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Social influence is the change in
belief or behaviour in response to real or imagined pressure from a person or
group of people which is known as the majority influence (REFERNCE FROM A LEVEL BOOK). It can also be defined as
“an attempt to understand and explain how the thoughts feelings, and behaviours
of individuals are influenced by the actual, imagined or implied presence of
others” (Gordon Allport, 1954, p.5)

According to Kelman, there are
three types of conformity: compliance, identification and internalisation.

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Solomon Asch’s line study is a
research study for conformity, specifically compliance. He wanted to
investigate whether people would conform to social norms. Compliance is when
people agree with views in public, but disagree in private making it a
temporary change. For example, laughing at a joke simply because everyone else
is laughing although you may not find it funny. This can explained through
normative social influence. This is the norm or typical behaviour in a social
group. Therefore, people conform to fit in as they fear rejection and want to
gain approval.

 

Asch conducted his line study as
he wanted to investigate whether people would conform to the majority in a
situation where an answer was obvious. His study consisted of 123 American male
undergraduates, there were seven participants in every group which were all presented
with a standard line and three comparison lines. In each group there was only
one true participant and six confederates, the naïve participant was unaware
the rest of people in the group were confederates. Asch found that the naïve
participant conformed 36.8% of the time, 25% of the participants did not
conform at all, and 75% conformed at least once. When participants were
interviewed after, most of them said they conformed to avoid rejection which
supports the normative social influence explanation.

 

Asch’s paradigm had five variations:
group size, private answers, having an ally, importance of a group &
collectivistic vs individualistic societies. In his group size variation, he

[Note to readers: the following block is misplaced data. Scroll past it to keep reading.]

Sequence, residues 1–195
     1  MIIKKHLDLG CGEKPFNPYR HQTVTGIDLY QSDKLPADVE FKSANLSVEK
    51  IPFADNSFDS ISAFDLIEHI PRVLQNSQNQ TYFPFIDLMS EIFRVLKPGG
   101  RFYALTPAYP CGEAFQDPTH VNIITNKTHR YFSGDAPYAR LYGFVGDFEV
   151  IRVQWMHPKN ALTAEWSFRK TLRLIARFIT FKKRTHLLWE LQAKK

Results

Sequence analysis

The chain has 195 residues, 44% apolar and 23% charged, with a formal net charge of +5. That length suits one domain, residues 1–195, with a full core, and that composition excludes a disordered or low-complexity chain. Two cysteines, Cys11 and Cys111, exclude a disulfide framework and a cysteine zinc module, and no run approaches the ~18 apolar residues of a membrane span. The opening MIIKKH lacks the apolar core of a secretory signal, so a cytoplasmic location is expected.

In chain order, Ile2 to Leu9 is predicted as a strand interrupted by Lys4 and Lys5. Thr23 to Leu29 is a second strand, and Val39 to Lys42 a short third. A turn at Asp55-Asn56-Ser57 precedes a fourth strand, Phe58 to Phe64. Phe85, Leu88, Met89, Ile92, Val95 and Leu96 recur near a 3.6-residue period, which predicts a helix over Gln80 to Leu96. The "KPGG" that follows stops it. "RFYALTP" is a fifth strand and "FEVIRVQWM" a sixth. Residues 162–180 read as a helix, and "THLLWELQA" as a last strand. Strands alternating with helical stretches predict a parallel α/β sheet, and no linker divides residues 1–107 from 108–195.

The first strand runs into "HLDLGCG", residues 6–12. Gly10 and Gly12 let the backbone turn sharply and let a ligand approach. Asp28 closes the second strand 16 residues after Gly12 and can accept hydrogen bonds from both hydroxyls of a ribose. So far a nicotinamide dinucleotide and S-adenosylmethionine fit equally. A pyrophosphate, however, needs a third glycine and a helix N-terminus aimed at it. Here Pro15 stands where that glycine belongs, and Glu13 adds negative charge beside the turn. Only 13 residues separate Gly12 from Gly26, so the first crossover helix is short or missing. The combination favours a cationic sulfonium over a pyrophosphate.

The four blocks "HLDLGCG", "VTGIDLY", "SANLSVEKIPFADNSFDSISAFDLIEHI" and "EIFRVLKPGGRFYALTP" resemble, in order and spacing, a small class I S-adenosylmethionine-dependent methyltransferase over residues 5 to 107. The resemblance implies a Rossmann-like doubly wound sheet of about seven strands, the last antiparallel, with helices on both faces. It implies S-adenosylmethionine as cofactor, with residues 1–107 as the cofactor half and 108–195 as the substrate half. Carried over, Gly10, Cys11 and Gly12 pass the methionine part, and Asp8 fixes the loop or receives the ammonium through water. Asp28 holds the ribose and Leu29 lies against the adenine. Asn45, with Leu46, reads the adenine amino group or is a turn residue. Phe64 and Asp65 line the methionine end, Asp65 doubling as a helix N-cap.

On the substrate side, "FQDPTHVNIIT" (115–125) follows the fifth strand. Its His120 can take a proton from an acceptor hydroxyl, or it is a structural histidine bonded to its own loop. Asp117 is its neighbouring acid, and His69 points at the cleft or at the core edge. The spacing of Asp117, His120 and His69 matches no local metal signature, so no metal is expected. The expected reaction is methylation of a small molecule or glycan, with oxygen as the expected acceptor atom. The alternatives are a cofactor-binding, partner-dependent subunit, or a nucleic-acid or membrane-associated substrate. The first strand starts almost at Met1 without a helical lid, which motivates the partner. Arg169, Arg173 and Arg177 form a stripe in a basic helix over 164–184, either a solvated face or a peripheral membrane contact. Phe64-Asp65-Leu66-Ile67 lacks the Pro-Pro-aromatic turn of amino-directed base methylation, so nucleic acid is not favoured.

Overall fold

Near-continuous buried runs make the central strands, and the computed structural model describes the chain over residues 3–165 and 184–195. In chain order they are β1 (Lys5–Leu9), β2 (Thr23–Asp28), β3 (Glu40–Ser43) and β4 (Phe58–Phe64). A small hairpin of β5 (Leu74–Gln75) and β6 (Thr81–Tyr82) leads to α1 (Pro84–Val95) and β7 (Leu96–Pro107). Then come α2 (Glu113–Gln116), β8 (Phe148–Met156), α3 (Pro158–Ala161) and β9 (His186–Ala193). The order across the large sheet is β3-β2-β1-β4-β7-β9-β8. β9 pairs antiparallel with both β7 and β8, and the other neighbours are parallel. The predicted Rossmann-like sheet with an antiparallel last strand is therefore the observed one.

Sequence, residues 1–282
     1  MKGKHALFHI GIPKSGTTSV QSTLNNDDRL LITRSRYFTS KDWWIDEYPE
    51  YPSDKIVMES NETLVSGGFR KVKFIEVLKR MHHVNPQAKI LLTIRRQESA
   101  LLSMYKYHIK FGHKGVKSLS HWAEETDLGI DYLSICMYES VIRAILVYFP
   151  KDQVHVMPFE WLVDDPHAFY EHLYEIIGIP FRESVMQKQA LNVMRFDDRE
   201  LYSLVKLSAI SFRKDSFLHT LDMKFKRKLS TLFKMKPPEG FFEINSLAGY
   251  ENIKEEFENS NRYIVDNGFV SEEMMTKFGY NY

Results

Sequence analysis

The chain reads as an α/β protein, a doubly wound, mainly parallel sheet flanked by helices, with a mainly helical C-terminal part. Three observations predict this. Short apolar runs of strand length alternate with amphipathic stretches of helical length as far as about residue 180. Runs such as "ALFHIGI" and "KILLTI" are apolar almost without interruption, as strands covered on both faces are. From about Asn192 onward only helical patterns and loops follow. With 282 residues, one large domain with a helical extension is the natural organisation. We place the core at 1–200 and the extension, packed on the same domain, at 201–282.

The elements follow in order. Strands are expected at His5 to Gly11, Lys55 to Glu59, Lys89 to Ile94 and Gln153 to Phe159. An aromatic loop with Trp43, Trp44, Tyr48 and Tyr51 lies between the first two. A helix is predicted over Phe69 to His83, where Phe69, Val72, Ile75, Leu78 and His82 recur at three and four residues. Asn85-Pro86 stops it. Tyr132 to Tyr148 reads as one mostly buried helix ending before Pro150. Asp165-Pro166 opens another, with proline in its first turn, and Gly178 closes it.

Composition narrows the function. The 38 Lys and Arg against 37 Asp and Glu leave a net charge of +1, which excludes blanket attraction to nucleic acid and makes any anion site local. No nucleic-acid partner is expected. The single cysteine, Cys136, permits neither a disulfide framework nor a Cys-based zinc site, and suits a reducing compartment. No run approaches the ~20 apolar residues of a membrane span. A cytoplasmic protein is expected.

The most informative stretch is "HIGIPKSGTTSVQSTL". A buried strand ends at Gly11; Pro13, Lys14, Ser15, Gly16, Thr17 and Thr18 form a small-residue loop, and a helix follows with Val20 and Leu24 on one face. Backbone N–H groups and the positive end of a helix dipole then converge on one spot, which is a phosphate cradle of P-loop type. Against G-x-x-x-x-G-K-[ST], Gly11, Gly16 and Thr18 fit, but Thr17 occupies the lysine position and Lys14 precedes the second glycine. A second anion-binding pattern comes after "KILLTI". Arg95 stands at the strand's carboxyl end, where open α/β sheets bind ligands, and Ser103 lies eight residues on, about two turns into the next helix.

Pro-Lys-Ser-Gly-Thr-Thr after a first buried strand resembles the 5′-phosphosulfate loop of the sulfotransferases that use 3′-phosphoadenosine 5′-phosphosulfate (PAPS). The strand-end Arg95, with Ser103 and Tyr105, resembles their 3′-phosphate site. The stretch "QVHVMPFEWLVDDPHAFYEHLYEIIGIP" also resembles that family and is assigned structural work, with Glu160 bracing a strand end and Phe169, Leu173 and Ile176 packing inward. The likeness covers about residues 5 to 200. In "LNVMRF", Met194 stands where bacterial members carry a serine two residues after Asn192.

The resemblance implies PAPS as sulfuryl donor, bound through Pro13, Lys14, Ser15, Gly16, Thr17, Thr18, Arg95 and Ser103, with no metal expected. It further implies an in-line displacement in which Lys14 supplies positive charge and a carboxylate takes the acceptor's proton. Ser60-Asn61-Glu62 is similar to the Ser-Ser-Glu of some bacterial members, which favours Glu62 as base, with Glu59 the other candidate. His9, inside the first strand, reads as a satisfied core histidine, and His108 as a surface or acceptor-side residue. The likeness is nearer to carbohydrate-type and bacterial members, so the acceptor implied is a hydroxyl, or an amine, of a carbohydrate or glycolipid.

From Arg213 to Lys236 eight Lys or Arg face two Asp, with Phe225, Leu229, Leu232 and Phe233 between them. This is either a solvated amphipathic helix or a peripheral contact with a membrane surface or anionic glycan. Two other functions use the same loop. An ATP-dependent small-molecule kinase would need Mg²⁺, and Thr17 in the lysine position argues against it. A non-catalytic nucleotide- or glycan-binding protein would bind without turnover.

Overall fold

wanted to know whether the size of the group would be more important than the
agreement of the group. He found that with three confederates, conformity to
the wrong answer rose to 31.8%.

 

A strength of Asch’s study is
that it is research support for normative social influence. In view of the fact
that Asch found that many of his participants went along with a clearly wrong
answer just because others did as they said that they feared disapproval. When
he repeated the study, he made participants write their answers instead which
led conformity rates to drop by 12.5% therefore supporting normative social
influence because people wanted to gain social approval.

 

Asch’s study lacks ecological
validity as it is based on people’s perception of lines. Therefore, it doesn’t
reflect the complexity of real life conformity. Therefore elucidating the
impression that his study was an artificial task which does not reflect
conformity in everyday life which means that findings cannot be generalised to
everyday situations.

It also lacks population validity
as the study was on carried out on American males making it ethnocentric. In
addition, the sample used consisted of only males which leads to gender bias.

Therefore, results cannot be generalised to people from other cultures or to females.

As a result of this, his sample was biased which means that further research is
needed to determine whether males and females conform differently.

Asch’s study is also unethical as
participants were deceived as they were told the study was about perception of
lines in regards to a vision test, not conformity. Therefore, they could not
give informed consent which meant that they could have felt embarrassed when
the true nature of the study was revealed. However, deception was needed in order
to achieve valid results. This is because participants could have acted
according to demand characteristics if they knew the true aim of the study.

Another reason why his study was unethical was due to participants not being
protected from psychological harm as participants felt stressed when
disagreeing with the majority. However, Asch did debrief them in the end and he
also conducted a follow up session.

 

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